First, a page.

Patrons exit the Denny's restaurant on Lincoln Boulevard on Tuesday. (photo by Daniel Archuleta)

LINCOLN BLVD — Soon, Santa Monicans will have to go further afield than Lincoln Boulevard to get their Grand Slam breakfast.

NMS Properties, a mixed-use developer with several apartment buildings in Santa Monica, has agreed to purchase the 37,500-square-foot lot on the 1500 block of Lincoln Boulevard that currently hosts a Denny’s restaurant.

The property is currently in escrow, and NMS hopes to close by the beginning of next year, said President Jim Andersen.

“We have kept our eye on the property, and when it came onto the market, we were very interested,” Andersen said.

An unidentified family trust which had held the lot for several decades put it up for sale, said Patrick Wade, a specialist in commercial retail properties with the real estate firm Marcus & Millichap.

Nearly 20 buyers made offers before NMS won out a few weeks ago.

The sale price is still confidential.

NMS was interested in the lot because of its proximity to Downtown, the Santa Monica Pier and the incoming Expo Light Rail Line on top of Santa Monica’s inherent charm, Anderson said.

“Santa Monica is a desirable place to do business,” Andersen said. “It’s a beautiful location.”

Exactly what NMS will do with the property hasn’t been decided, Anderson said, although it’s sure to be redeveloped.

Many of the developers that showed interest in the property wanted to build high-density, small apartments that can be marketed as affordable housing, Wade said.

The units, which run around 300 square feet or somewhat higher, maximize the number of apartments available on each site and allow developers to charge “aggressive rents,” Wade said.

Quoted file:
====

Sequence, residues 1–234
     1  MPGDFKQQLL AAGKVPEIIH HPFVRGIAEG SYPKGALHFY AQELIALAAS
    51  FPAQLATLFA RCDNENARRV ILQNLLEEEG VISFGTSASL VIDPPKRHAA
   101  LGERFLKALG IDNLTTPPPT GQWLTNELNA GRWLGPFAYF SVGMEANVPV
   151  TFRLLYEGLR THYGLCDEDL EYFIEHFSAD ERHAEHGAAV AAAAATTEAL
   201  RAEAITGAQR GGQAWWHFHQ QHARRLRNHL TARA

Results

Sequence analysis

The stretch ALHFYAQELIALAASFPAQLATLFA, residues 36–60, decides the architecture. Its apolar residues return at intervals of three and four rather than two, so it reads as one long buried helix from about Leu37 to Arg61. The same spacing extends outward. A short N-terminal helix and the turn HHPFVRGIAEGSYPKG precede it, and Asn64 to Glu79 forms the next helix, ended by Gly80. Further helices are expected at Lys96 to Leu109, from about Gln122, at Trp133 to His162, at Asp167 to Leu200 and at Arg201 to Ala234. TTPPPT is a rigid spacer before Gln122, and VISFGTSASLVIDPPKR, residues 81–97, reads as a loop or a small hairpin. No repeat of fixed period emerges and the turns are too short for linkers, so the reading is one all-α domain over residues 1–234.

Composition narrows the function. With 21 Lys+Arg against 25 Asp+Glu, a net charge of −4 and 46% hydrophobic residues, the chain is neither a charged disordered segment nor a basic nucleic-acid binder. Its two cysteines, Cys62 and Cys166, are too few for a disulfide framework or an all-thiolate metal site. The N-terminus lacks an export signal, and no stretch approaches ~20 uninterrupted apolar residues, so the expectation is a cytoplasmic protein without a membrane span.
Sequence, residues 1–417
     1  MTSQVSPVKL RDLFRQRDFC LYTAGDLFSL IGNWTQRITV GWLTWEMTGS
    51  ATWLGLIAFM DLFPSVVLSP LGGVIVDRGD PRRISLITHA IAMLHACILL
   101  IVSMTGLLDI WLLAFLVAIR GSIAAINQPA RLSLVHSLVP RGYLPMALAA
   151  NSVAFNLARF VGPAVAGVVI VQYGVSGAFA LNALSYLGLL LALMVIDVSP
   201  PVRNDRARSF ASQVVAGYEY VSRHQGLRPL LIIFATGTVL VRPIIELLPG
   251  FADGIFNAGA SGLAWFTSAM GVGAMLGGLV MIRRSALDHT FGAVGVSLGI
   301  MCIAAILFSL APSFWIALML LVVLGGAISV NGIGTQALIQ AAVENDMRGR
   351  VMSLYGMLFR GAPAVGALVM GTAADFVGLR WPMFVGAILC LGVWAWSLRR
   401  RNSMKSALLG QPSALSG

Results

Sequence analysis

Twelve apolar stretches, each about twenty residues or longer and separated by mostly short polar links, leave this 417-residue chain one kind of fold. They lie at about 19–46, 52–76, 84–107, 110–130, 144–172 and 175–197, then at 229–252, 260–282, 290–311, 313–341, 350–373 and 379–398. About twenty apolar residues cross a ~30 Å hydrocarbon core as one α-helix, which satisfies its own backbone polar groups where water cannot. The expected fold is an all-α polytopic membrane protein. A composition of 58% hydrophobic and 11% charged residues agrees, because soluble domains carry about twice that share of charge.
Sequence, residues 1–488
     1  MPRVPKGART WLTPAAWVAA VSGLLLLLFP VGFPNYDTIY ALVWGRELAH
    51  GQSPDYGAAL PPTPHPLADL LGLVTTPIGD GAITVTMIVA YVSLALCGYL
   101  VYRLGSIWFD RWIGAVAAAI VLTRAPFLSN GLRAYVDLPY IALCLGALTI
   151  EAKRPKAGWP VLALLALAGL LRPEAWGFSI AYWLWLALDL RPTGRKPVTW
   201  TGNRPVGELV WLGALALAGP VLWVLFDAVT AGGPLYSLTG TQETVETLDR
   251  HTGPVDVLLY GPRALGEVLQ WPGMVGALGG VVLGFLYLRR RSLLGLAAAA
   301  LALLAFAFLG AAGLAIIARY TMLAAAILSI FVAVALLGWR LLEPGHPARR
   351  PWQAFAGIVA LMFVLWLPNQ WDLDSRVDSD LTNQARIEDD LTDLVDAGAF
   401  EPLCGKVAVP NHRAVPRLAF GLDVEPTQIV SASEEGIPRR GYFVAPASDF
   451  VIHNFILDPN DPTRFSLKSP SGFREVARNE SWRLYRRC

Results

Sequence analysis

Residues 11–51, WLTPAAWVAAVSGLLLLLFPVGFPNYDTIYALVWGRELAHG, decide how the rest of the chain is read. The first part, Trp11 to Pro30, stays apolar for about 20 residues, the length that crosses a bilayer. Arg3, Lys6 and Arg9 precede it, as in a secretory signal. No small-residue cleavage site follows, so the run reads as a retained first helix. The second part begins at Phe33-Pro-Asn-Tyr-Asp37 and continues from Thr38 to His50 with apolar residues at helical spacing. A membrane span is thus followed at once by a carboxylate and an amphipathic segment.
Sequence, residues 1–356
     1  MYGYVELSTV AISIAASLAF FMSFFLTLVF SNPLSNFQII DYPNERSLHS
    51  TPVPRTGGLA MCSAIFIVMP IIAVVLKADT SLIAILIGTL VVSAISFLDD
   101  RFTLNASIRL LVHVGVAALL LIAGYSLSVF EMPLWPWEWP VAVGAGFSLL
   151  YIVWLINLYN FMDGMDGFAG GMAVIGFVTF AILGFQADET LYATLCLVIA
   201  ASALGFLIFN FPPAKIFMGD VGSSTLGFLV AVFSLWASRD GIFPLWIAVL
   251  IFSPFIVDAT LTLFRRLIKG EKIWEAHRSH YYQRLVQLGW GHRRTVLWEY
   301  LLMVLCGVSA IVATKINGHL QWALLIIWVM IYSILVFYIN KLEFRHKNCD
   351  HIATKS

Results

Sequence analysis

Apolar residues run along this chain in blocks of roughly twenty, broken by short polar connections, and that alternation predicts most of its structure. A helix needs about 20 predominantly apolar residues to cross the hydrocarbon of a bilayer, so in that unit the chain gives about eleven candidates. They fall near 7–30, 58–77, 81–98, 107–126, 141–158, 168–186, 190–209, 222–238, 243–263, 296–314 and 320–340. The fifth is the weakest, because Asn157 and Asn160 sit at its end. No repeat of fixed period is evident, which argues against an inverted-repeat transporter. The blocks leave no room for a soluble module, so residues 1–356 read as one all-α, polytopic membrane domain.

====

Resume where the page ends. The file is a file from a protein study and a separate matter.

While those rents can be higher per square foot than other apartments, the overall cost is still much lower than a one or two bedroom unit.

NMS is contemplating a conversion of the property into a mixed use development, Wade said.

NMS already has four developments on the Planning Commission caselist, which total 366 units. Many of those are of the smaller, affordable model.

It’s market driven, said John Warfel of Metropolitan Pacific Development. Warfel is also the vice chair of the board of directors for Downtown Santa Monica Inc., a public-private management company that oversees marketing and management of the Third Street Promenade and Downtown for City Hall.

“I won’t say it’s new, but there seems to be more demand for it,” Warfel said. “It’s also dependent on who happens to be moving to Santa Monica. It’s a way to afford living in Santa Monica, for someone who wants to be here.”

NMS has been in the news over the last year primarily for its relationship with JSM Corp., a company which defaulted on a commitment to build 52 affordable housing units and stuck NMS with the cleanup.

City attorneys brokered a settlement in April between NMS and Prudential to make sure the affordable housing is built.


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